Steamboat Springs Vail, Telluride and Crested Butte ski areas have cashed in on a Steamboat-based insurance company's new policy that protects ski areas from bad years.
Steamboat isn't joining them, just yet.
About four years ago, Joe McNasby, president of MDM and Associates Inc., came up with the idea of creating a ski area insurance policy that will cover "anything and everything that causes people not to come to your facility."
The policies pay off once skier visits, minus complimentary tickets and season passes, dip below a projected level based on past seasons for any reason. Some have called it "snow insurance" although the protections are for more than weather woes.
Although McNasby wouldn't say how much the premiums are, all indications are that the insurance is expensive.
"We don't have the insurance, and frankly we haven't seriously considered it," ski corp. President Chris Diamond said. "It's a new product, and we didn't take part last season because we weren't really aware of the advantages it might have brought us. In retrospect, though, it wouldn't have done us much good. We only would have lost money."
That's because Steamboat had a decent season. If it had the insurance, the company would have spent a sizable amount of money on the premiums, and because no major losses were demonstrated by the end of the season, would not have received a claim check from MDM and Associates.
However, ski corp. officials may have considered the insurance policy more seriously had they not been so confident in their new marketing strategies.
"We had a tough season the year before, and we were pretty confident, given the relative reliability of snowfall in Colorado and the new programs we'd had in place like a major new initiative on the Front Range," Diamond said. "We didn't think there would be much of a downside, and we were right."
Aspen Ski Co., like Steamboat, opted not to buy the insurance policy because, as Diamond said, it didn't seem "financially meaningful."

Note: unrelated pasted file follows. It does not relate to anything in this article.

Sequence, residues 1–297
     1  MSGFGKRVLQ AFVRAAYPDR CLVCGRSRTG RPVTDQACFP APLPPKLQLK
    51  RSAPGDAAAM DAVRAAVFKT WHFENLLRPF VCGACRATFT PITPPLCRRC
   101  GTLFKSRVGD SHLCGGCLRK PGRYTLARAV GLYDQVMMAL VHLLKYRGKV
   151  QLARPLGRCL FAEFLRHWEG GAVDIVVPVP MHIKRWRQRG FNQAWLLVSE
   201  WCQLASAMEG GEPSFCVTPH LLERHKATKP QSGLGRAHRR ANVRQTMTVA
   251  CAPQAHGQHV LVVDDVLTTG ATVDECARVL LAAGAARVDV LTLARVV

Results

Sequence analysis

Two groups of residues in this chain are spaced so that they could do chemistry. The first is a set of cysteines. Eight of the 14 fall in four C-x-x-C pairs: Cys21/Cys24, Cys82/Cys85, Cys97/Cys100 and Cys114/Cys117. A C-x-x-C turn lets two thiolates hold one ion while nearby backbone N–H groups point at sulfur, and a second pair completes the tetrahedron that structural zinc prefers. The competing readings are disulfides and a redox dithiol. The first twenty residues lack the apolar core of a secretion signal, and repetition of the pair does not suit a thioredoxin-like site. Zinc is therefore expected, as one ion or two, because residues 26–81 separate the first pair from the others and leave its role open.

McNasby insists that the product is going to pay off, and that demand is going up each year.
"Vail collected $10.6 million in claims this year, and by the end of all the ski seasons nationwide, we will have written claim checks for well over $25 million," he said. "Everyone's aware that the ski business hasn't been growing. It's been somewhat flat, and everyone's trying to get a piece of the pie. If there was 10 percent growth every year, I'm sure there would be less of a need for something like this. But this hasn't been the case."
Telluride and Crested Butte filed claims and officials at both resorts said they felt the insurance was a good investment for the low-snow winter of 1999-2000 when the industry suffered its worst season on record.
Diamond, who admitted he is ready to consider insurance more seriously, still expressed his confidence in the reliability of snowfall in the Steamboat area.
But other ski resort bosses aren't as comfortable with counting on Mother Nature. That's why Vail, Telluride, Crested Butte and even ski resorts in France, Canada and Australia have all become snow insurance policy holders.
McNasby insists that the insurance policy, which would cover losses caused by airline strikes, road construction and a multitude of other problems, is about more than weather insurance.
But that is one of the protections and with predictions for increasingly warm weather in coming years, guarding against low snowfall is enticing even in Steamboat although for now the ski area uses snow guns, not insurance.
"There is no question that there have been warmer temperatures recorded over the past years, on a global scale," American Skiing Co.'s Skip King said. "We're concerned about it, yes. But there's little we feel we can do about it. I guess snow-making systems that can take advantage of the right weather windows are key."
But by next season, Steamboat may have signed on with MDM, after officials examine the insurance policy a little closer.
"We'll look at it again for next season," said Dennis Baker, vice president of finance at ski corp. "We haven't made an application or anything like that at this point. It's all so very new. We plan to discuss it and see if other resorts have had good experience with it. It is an intriguing idea."
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